Immediately following FDA's announcement last week, bringing e-liquids containing nicotine and e-cigarettes under the Federal tobacco regulations, changing vaping as we've come to know it, industry was left with severe sticker-shock. Fixated on the $1 Million price tag, the volumes of data required, and the hope that this is all just a bad dream, most manufacturers haven't absorbed the full implications of the FDA requirements and the hidden meaning behind the "regulatory speak" that makes ambiguous reference to the Agency's expectations.
In its Draft Guidance for Industry, Premarket Tobacco Product Applications for Electronic Nicotine Delivery Systems, FDA specifies the requirements for the information that you provide in your PreMarket Tobacco Application (PMTA) as a general bullet-listed description. What many manufacturers may not have noticed, is the real meaning behind FDA's ambiguous requirements that, on the surface, seem black and white.
FDA requires manufacturers to include manufacturing descriptions showing how the product is made to conform with the product information provided in the PMTA. On the surface, that seems simple enough. Maybe a few paragraphs, describing the manufacturing process and equipment with a flow chart and a list of tests?
FDA requires “a full description of the methods used in, and the facilities and controls used for, the manufacture, processing, and packaging of the new tobacco product, including e-liquids and aerosolizing apparatus.”
Section VI, Content of a PreMarket Tobacco Product Application for ENDS Products, lays out the eight sections of the PMTA. The last section of the PMTA, H. Scientific Studies and Analyses actually lists the items you should have in place before even beginning the application process.
You need to provide a listing of all FDA manufacturing, packaging, and control sites, including the facility names and addresses, and a contact name and telephone number for each facility. This includes co-packers and contract manufacturers.
FDA expects a written narrative description, accompanied by a list and summary of all standard operating procedures (SOPs). This should be in the form of a full system descriptive document, such as a Quality Management System Manual.
In addition to describing the overall processes, you will need to establish the following procedures to satisfy the filing requirements in Section H of your PMTA.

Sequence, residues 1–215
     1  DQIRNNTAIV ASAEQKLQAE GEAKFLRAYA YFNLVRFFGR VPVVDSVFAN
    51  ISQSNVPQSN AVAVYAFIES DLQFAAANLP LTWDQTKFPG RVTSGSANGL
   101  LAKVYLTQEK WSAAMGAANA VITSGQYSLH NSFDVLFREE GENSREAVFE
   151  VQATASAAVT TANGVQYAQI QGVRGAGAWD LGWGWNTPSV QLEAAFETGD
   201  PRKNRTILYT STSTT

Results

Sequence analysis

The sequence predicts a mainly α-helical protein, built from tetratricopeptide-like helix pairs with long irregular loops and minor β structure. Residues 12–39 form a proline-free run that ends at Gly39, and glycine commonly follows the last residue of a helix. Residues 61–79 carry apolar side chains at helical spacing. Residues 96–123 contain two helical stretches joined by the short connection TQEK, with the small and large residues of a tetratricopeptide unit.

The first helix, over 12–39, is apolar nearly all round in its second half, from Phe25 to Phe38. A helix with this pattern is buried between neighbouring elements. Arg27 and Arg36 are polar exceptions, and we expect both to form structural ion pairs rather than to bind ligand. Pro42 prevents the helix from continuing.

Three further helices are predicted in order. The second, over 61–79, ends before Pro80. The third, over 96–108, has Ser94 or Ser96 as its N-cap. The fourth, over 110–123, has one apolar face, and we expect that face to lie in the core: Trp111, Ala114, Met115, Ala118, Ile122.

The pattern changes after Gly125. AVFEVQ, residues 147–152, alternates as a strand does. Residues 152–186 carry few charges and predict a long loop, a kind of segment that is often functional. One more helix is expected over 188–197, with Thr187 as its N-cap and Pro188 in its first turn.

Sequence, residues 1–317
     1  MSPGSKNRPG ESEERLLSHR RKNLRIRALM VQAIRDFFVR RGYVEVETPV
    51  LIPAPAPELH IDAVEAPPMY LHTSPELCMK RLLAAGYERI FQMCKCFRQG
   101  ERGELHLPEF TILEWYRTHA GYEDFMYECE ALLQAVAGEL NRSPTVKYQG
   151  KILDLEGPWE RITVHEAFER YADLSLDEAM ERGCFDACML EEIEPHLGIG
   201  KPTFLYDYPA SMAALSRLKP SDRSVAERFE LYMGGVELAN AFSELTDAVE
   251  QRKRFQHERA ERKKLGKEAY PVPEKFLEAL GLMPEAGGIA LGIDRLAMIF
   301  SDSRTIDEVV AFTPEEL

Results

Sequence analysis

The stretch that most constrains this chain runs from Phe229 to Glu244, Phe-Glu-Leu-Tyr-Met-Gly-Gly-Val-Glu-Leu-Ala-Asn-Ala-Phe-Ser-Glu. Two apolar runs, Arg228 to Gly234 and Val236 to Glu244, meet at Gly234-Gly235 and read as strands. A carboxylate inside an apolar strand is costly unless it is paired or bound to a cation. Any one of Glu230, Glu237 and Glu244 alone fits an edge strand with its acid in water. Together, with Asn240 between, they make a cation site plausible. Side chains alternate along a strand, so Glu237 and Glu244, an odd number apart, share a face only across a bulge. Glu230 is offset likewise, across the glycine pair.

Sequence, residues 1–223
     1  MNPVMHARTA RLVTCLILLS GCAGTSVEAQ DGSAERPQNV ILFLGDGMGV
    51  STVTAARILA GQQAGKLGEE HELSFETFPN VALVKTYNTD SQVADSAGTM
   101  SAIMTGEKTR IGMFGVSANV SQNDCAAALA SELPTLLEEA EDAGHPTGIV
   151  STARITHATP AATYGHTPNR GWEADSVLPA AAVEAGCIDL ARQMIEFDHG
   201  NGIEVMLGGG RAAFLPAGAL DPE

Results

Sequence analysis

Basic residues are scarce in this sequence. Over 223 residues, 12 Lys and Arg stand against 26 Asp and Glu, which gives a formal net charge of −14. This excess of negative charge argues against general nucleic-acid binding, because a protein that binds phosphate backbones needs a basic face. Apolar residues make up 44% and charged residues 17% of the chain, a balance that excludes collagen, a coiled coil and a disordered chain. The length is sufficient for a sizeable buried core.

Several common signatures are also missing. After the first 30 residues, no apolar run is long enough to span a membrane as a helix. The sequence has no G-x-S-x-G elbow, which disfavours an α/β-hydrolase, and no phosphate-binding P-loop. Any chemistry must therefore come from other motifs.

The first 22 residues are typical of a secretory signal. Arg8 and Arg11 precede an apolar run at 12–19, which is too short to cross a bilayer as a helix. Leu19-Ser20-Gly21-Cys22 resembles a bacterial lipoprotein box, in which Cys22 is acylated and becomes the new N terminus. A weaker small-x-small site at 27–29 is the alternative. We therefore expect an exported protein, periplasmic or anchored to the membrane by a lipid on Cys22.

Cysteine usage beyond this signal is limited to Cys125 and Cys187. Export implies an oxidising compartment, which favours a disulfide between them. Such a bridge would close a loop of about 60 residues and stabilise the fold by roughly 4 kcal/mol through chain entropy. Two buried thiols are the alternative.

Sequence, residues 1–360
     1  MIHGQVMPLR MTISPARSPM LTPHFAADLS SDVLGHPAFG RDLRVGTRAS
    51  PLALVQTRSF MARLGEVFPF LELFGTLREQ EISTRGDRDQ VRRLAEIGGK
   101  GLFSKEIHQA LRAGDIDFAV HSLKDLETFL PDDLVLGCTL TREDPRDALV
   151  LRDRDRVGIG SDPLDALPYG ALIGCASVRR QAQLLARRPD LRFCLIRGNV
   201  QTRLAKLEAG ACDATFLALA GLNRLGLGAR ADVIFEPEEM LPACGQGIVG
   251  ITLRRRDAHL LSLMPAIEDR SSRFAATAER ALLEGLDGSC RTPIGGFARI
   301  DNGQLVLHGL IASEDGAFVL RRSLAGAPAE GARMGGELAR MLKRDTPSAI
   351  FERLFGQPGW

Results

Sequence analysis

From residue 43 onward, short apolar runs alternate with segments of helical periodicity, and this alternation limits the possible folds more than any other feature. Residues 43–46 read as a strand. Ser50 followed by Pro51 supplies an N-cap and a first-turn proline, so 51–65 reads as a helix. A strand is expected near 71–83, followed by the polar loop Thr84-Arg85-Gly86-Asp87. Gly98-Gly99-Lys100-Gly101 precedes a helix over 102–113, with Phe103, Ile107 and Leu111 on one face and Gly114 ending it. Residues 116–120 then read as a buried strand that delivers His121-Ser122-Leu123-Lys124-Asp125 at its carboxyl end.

In addition, you'll need to provide examples of the relevant forms and records associated with all of these SOP's, including a completed hazard analysis that details the correlation of the product design attributes with public health risk, and any mitigations for identified hazards that have been implemented.
There is a bit of a silver lining here. The GMP requirements that FDA spells out in the draft Guidance aren't really different from TPD2 (aside from the obvious, massive difference in the submission package), with the exception of specialized requirements for reporting adverse effects. So, if you've already been hard at work, implementing the new procedures you need in place for EU/TPD2 this month, don't worry - you can use them for your U.S. business, as well which means you're already ahead of the curve.
Manufacturers should take a Process Approach, toward establishing the SOPs necessary to fulfill FDA requirements, such as that described in the ISO 9001:2015 quality management standard.
A certified quality management system by a reputable, accredited certification body will go a very long way in your PMTA submission. Based on the strategic direction of your company, Top Management should consider the extent and impact of the FDA Tobacco Products Regulation and the EU/TPD2 requirements that are relevant to the company’s purpose and strategic direction and the short and long term solutions that can be implemented to reduce the burden. The Quality Management System should be implemented based on how you’ll address these issues. Establish processes and objectives that support the scope of your business, and from there, you’ll develop the Standard Operating Procedures and records you need to show you’re in compliance with the requirements.